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Building your business credit report

A business credit report can be started in much the same way as a consumer report, with small credit cards.

The business may be approved for small credit cards to help them build an initial credit profile.

These types of starter cards in the business world are commonly called “provider credit.”

Net 30 terms are common with most vendor credit sources. This means they will give you credit on a “net 30” basis, giving you 30 days to pay the bill you owe in full.

Some companies will require you to buy their products, while others will not.

Some companies will ask you to pay for your first orders, others will not.

Some companies report your credit very quickly and quickly, others do not.

Be on the lookout for all of these things when you apply with providers.

Always apply first without using your SSN. Some providers will ask for it, and some will even tell you over the phone that they need to have it, but send it without first.

Most of the people you talk to at credit issuers don’t even know that you can get business credit without providing your SSN, so follow these steps I describe and don’t ask for your SSN.

When your first Net 30 account reports your “business line” to Dun & Bradstreet, the DUNS system will automatically activate your file if it is not already there. This is also true for Experian and Equifax.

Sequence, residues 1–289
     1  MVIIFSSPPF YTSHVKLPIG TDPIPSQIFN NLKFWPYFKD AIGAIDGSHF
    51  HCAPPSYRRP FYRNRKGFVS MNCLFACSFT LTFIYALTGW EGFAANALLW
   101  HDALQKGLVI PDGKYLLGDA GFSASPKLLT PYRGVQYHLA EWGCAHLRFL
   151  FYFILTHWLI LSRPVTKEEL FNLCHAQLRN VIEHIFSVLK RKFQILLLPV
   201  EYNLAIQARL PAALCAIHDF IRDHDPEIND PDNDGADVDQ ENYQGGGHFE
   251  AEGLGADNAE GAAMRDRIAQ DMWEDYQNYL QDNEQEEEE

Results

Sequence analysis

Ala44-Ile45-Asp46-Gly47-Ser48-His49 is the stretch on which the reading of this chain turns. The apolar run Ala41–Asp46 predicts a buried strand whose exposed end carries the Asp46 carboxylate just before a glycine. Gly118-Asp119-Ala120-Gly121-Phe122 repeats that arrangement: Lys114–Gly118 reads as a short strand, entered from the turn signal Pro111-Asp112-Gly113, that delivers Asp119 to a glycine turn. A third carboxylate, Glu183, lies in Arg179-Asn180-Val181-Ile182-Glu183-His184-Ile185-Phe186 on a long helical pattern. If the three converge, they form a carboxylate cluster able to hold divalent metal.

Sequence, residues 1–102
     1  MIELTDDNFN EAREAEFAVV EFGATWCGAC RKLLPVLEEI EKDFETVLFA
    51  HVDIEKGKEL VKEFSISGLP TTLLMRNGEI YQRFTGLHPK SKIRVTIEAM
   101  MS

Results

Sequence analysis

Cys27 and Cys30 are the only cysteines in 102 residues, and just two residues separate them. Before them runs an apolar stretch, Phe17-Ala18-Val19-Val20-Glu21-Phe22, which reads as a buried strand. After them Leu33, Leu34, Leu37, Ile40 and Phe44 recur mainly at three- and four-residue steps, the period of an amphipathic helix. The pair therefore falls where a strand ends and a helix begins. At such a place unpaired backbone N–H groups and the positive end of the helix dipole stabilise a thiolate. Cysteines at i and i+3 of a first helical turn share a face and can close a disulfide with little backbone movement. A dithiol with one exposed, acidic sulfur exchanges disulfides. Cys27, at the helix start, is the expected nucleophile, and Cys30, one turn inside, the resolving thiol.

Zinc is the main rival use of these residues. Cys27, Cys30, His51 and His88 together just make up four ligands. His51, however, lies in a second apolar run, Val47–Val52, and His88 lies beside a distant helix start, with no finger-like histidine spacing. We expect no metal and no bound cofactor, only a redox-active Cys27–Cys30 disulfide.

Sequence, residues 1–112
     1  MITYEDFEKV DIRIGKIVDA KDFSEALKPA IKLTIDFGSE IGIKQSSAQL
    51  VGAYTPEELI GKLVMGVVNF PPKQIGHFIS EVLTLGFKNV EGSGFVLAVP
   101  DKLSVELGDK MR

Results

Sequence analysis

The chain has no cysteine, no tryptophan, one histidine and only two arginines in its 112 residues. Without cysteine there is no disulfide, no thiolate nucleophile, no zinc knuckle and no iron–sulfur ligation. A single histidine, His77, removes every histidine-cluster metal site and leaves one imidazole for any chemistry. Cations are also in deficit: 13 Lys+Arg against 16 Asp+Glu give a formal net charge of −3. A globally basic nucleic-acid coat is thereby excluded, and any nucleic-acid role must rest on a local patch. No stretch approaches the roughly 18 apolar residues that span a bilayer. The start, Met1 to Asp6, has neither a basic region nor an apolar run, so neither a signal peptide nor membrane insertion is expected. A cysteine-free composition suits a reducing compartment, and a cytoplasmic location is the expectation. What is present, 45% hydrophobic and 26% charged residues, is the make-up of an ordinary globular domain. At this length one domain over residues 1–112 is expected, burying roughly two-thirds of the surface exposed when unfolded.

Some of the more popular vendor sources include: Uline, Laughlin & Associates, Quill Office Supplies, and Reliable Office Supplies.

Next, start creating revolving accounts …

You will need a total of five reported payment experiences to start earning revolving store credit.

Don’t apply for store credit with no checkout experience, no score, and no profile, or you will be denied.

Most major retailers offer revolving business credit. To get approved, they will want to see that you have established payment experiences, an established credit profile with at least one, preferably two reporting agencies, and positive credit scores with the reporting agencies that your credit is reported to.

Your top business credit scores are based on how long you pay your bills.

So to get good scores, you just need to make sure you pay your bills on time or early, the sooner the better.

So even with 30 vendor net terms, try to pay your bill as soon as you get it for the highest possible scores.

Remember, many credit issuers have their computers automatically approving files. These computers go for high scores, so give them what they want.

You must have five reported payment experiences to begin applying for revolving credit. Some initial revolving accounts include: Radio Shack, Lowes, Home Depot, Staples, and Office Depot.

Most large stores offer business credit even though they don’t advertise it. So once you’ve followed the steps outlined here, you can start getting credit with these major retailers: BP, Chevron, Walmart, and Target.

These stores also offer business credit: Amazon.com, Best Buy, Nordstrom’s, Sam’s Club, Costco, and many more.

Finally, get CASH credit …

Once you have a total of 10 payment experiences, you can start getting approved for cash credit sources.

It is also recommended that you have at least one account with a high credit limit of $ 10,000 so that your cash limits are as high as possible.

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